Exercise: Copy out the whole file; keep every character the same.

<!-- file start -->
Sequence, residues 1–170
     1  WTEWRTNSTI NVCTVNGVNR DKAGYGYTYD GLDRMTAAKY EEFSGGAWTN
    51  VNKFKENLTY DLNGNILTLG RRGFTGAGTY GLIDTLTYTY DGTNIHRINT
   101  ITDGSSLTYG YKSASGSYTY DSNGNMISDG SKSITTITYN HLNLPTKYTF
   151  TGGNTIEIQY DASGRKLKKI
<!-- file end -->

Sequence, residues 1–170
     1  WTEWRTNSTI NVCTVNGVNR DKAGYGYTYD GLDRMTAAKY EEFSGGAWTN
    51  VNKFKENLTY DLNGNILTLG RRGFTGAGTY GLIDTLTYTY DGTNIHRINT
   101  ITDGSSLTYG YKSASGSYTY DSNGNMISDG SKSITTITYN HLNLPTKYTF
   151  TGGNTIEIQY DASGRKLKKI